The composite index has now regained its pre-financial crisis levels of 55.4. However, more important than the current level is the trend of the data since the peak in 2010. I have noted the previous peaks of data and while the index is volatile from one month to the next the declining trend of the data should be concerning to those paying attention. As we have stated in the past "economic change occurs at the margin" so the focus on a single data point can be very misleading. With estimates for Q4 GDP being ratcheted down sharply to roughly 1% from Q3's 2.7% annualized rate - it is very likely that the latest print in the ISM Composite index is likely the peak that we will see for several months. Doing more with less has now been the mantra of businesses since the financial crisis, and despite the $30+ trillion dollars thrown at the economy since that time, there has been little movement by businesses to become more aggressive.
Late last night S&P placed Greece into “Selective Default” again, raising the issues, once again, of the $90 billion in Greek derivatives, the Greek bank bonds guaranteed by the country and now at the ECB, some central banks and some commercial banks where some clause may get triggered, various clauses in repos, inter-bank lending contracts and guarantees by Athens of various corporate entities all potentially seeing triggers. In the meantime, because Americans hate to be left out of anything, we continue to behave like fools. The raising of the tax rate on the wealthy will operate the country for about eight days and it seems like the savants in Washington have forgotten that there are three hundred and forty-eight days left in the year. Secretary Geithner’s ,“We are prepared to go over the fiscal cliff,” has all of the dramatics of some bluff on World Wide Poker. The focus on redistribution of wealth is a secondary consideration when you cannot pay your bills. We propose that unhappy Americans unite, buy the Abaco islands from the Bahamas, they need the money, and begin our own island nation and let the 46.5 million on food stamps fend for themselves. We honestly feel that way some days as the idiocy in Washington D.C. seems to recognize no boundaries.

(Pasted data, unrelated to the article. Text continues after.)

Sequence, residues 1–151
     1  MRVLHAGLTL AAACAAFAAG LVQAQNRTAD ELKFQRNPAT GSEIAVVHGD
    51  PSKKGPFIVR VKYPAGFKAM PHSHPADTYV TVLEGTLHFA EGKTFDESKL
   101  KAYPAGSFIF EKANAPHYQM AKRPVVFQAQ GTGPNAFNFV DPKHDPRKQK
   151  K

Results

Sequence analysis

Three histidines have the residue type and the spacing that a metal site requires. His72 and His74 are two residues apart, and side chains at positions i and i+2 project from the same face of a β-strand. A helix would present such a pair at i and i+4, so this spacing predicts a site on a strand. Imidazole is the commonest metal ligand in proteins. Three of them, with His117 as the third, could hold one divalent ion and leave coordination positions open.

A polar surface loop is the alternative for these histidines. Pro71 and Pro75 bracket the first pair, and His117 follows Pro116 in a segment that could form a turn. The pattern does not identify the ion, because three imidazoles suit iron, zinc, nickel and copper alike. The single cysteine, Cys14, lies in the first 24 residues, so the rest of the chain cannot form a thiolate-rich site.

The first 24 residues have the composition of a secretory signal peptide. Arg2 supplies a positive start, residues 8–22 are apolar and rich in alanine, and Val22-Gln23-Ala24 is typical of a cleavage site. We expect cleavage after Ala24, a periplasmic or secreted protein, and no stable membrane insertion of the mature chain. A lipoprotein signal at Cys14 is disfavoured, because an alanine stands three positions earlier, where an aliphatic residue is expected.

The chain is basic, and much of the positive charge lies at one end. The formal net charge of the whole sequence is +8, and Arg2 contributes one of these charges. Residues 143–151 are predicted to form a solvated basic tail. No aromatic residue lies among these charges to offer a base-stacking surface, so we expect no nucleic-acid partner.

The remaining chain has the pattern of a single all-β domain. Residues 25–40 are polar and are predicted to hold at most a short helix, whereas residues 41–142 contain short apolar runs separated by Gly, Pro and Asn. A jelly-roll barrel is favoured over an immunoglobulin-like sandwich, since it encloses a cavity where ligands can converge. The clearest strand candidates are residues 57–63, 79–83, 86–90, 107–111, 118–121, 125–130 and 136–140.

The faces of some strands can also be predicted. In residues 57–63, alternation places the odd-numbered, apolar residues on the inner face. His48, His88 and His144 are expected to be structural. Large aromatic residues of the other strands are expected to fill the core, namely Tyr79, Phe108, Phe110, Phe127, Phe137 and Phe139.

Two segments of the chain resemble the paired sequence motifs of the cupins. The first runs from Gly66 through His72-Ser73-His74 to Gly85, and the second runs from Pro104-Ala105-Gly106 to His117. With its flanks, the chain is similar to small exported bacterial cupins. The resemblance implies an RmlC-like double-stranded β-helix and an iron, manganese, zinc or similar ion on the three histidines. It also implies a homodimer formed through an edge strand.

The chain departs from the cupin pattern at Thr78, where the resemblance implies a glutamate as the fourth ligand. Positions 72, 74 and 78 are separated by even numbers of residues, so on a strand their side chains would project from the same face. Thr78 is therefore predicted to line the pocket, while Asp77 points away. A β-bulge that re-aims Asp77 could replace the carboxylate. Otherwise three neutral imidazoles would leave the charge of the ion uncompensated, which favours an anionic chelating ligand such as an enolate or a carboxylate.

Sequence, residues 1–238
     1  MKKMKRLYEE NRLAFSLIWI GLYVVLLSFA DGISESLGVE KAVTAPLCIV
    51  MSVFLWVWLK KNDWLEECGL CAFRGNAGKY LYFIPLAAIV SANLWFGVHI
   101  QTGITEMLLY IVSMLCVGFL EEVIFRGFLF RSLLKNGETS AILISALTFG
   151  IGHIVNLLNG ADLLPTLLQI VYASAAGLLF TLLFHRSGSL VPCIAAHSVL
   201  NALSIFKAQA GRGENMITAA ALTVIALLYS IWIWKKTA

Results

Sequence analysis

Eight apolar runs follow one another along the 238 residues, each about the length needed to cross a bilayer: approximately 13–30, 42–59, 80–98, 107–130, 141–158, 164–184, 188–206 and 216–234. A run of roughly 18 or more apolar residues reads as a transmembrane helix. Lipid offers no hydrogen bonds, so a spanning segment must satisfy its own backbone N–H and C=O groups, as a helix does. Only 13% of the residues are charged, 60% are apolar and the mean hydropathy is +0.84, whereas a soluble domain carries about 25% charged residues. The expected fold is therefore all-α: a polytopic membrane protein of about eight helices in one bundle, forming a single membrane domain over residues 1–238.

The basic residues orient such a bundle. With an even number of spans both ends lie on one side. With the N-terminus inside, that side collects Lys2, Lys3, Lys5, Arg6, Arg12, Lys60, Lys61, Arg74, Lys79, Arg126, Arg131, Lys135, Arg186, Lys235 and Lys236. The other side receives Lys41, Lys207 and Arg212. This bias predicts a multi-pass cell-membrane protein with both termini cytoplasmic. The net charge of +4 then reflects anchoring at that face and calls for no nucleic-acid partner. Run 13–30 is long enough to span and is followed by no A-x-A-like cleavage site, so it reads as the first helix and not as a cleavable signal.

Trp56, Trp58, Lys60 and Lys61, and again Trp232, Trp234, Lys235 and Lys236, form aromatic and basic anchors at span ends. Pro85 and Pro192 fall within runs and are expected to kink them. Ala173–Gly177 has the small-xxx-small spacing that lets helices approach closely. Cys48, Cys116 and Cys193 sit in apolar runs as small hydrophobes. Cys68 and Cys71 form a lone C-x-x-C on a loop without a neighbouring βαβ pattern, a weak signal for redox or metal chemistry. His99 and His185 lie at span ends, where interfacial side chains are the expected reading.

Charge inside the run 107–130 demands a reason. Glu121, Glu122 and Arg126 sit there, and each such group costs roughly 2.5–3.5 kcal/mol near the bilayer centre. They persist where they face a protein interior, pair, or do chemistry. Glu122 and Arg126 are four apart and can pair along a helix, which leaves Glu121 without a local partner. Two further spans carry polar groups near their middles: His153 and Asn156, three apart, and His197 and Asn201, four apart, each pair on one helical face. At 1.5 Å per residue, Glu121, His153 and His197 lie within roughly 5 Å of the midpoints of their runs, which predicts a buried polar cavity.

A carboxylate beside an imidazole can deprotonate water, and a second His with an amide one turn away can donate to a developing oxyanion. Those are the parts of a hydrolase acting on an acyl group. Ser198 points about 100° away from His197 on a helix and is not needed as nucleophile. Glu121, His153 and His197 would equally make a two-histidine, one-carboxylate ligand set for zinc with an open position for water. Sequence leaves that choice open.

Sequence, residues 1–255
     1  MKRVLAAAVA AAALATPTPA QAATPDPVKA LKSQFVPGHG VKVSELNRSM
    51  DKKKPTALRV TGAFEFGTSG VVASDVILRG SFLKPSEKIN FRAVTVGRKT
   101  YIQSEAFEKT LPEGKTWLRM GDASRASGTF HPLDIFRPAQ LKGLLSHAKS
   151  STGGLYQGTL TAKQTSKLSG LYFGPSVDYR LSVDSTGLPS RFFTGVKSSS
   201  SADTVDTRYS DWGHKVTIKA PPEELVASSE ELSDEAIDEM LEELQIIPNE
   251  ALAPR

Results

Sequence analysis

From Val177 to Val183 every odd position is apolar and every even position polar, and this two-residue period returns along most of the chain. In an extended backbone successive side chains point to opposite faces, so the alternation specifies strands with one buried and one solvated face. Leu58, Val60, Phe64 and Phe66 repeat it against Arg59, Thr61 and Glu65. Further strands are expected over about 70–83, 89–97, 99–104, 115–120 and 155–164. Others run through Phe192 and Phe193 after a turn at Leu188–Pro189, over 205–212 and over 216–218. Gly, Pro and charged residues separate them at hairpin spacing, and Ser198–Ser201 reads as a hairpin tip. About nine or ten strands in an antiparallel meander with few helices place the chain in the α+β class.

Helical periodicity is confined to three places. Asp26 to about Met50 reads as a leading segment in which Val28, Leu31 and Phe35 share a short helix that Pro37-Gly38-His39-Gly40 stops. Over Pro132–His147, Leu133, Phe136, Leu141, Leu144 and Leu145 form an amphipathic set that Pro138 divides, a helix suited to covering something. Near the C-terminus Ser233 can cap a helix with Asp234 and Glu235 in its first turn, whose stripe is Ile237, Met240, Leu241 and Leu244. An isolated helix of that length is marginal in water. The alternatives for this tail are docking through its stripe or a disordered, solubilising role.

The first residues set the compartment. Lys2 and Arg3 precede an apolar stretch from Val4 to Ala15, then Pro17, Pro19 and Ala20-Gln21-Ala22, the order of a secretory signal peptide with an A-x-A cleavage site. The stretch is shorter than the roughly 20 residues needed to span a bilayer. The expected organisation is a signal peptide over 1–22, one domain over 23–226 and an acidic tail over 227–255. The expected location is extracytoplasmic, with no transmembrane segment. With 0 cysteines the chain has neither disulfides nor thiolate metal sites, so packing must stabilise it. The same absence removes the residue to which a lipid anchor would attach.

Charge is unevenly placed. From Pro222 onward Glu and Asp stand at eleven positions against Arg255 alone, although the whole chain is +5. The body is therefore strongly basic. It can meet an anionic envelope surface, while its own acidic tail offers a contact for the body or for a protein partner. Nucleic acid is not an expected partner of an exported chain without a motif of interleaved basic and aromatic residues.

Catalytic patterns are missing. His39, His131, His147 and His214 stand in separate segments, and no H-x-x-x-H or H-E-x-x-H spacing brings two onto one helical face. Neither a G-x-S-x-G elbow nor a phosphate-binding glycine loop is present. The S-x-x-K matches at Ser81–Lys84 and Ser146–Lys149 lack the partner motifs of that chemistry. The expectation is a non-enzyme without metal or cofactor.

While trading during US hours is all about the Cliff On/Cliff Off debate, the rest of the world is simple: the overnight session begins (and largely ends) with whether or not China has done another reverse repo (if yes, then PBOC will not lower rates, and inject unsterilized billions into the market) and whether the Shanghai Composite is up or down. Last night, after jumping by 3% the session before, it was down 0.13% to 2029. Was this it for the great Chinese "bottom?" Japan may or may not figure in the equations, although with the 10 Year future just hitting a record overnight, it is amusing to see how the bond complex is indicating record deflation just in time for the market to anticipate a surge in inflation. Ah, the joys of frontrunning central planning's monetization of government bonds. And then we move on to Europe, which is a whole new level of basket case-ness...
The use of economic pain to expand governmental control of a nation is not a new concept. It has been a tool successfully used many times in history. The reality that "taxing the wealthy" does not increase revenue or promote economic growth is lost on the 80% of Americans that are economically uninformed and are just struggling to maintain their current standard of living. The path over the "fiscal cliff" is bad for the economy, the average American family and the stock market. However, for the White House, going over the "cliff" is the next move in this elaborate game of chess which will clear the path towards completing Obama's long term objectives of complete socialization of the American economy.
"The fact that we are here today to debate raising America’s debt limit is a sign of leadership failure. It is a sign that the U.S. Government can’t pay its own bills. It is a sign that we now depend on ongoing financial assistance from foreign countries to finance our Government’s reckless fiscal policies... That is money that we have borrowed from the Social Security trust fund, borrowed from China and Japan, borrowed from American taxpayers. This rising debt is a hidden domestic enemy, robbing our cities and States of critical investments in infrastructure like bridges, ports, and levees; robbing our families and our children of critical investments in education and health care reform; robbing our seniors of the retirement and health security they have counted on. Every dollar we pay in interest is a dollar that is not going to investment in America’s priorities."
As the Fiscal Cliff discussions get progressively more acrimonious, more people are being reminded that the new and improved $16.4 trillion debt ceiling, which the US will breach in a few days, is just as important, and just as much at an impasse. Which is why the Treasury just opined on the issue, by openly supporting the "McConnell Provision" and in doing so may have made any future Cliff/Ceiling discussions more difficult as the US has effectively invoked the nuclear option, aka a Presidential Veto to effectively elimiante the debt ceiling, something which will antagonize the GOP to such an extent any potential Fiscal Cliff deal may become unfeasible. The market is hardly happy that the already record polarity in Congress is about to get even worse as a result of this hardline stance, and just took another big leg lower.